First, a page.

Northumbria Police officer found drunk behind wheel of police van avoids jail

Northumbria Police officer found drunk behind wheel of police van avoids jail

A Northumbria police officer on duty who was found intoxicated in a police van has been given a suspended sentence.

Helen Kane, 38, has been given a six-month suspended sentence after being found guilty of misconduct in public office after a trial last month.

Kane was over three times the legal alcohol limit when a dog walker found her asleep behind the wheel of a parked police car on November 3 last year.

Read more: Northumbria Police Officer drunk on duty was going through ‘tough times’, jury hears

The marked van, which also contained three police dogs, was seen parked with its engine running in the middle of a junction at Waggs Lane in Whickham, near Gateshead.

When the audience peeked in, Kane could be seen “slumped down” against the driver’s side of the car with a bottle of white wine between her legs.

Kane, from Belmont, County Durham, was on trial at Teesside Crown Court, but after less than an hour of deliberation, Kane was found guilty by a jury of charges.

On Friday, Kane was also sentenced to 120 hours of unpaid labor and banned from driving for two years.

The two-day trial revealed Kane was a police officer on duty when a dog walker saw a police car parked in the middle of an intersection in the middle of the day. Due to the “strange” scene, the handler looked inside and saw Kane “slumped down” against the driver’s side seat belt of the van.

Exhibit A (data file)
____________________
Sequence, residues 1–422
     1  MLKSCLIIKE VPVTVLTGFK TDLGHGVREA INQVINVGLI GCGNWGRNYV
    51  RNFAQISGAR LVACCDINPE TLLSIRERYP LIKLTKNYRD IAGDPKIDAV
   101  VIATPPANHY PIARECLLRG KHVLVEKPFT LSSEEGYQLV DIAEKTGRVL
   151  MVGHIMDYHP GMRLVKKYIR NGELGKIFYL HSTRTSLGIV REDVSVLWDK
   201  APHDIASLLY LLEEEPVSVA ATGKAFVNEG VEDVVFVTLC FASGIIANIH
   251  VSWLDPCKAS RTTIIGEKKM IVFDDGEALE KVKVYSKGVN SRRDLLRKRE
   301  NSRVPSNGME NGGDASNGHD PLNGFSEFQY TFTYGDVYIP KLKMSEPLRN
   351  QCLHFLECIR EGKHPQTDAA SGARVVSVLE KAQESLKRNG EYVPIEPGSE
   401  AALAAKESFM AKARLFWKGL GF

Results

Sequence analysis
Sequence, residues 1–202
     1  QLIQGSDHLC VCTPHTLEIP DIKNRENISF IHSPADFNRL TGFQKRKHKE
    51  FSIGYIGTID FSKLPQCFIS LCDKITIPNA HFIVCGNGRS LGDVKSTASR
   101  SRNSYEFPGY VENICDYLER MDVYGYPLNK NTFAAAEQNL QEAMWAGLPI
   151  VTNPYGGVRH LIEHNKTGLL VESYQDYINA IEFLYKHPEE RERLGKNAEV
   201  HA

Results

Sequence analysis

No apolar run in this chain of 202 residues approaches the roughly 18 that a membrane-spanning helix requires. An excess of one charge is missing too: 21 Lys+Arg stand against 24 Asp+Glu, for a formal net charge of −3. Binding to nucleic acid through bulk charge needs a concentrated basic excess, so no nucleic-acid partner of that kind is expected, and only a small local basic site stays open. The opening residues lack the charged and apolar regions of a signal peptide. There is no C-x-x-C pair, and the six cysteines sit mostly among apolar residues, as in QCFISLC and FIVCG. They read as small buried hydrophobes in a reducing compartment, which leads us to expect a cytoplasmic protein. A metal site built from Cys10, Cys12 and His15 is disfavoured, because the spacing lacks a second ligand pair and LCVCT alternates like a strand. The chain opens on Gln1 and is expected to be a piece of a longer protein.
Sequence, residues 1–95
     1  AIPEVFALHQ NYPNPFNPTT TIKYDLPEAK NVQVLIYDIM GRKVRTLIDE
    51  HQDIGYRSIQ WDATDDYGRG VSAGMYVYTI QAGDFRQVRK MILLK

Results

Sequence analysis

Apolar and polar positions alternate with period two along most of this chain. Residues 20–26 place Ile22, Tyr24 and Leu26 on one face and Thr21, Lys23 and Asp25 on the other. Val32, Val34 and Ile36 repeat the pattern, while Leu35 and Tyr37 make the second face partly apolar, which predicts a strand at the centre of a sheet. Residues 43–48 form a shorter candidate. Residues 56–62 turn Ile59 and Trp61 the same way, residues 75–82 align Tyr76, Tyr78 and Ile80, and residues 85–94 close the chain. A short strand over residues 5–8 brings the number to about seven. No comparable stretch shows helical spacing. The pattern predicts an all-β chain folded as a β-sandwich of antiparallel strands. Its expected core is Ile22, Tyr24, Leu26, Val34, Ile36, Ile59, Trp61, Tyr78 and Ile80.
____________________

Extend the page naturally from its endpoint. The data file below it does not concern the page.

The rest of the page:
Prosecutor Robin Turton said: “After several hits [on the window] The policewoman raised her head, rolled down the window and had a short conversation.

“The officer said she was fine, but when told she was parked in the middle of the street, she said, ‘Am I?’

“There was a brown wine bottle between her legs. When the member of the public was satisfied that the driver was okay, she walked away but took a picture of the police vehicle and called 999.”

Kane was later given a breath test at Southwick Police Station in Sunderland and found 117 micrograms of alcohol in 100ml of breath – the legal limit is 35 micrograms.

On the last day of the trial, Kane testified, telling the jury she was having “personal and professional” difficulties at the time and accepting that she had been drunk on duty.

She told jurors her professional problems stemmed from a protest in Newcastle city center when a member of the public was bitten by a police dog.

She said: “My police dog was misidentified as this dog. As a result I have been told by Northumbria Police that I am at risk.”

Kane said that due to other issues in her personal life, she went to a family doctor for her stress and anxiety and was prescribed antidepressants. She explained she doesn’t like taking time off from work and “takes alcohol to cope.”

The jury heard Kane had a previous conviction of driving with excessive alcohol in connection with the same incident – which she admitted. She had no other condemnations or warnings.


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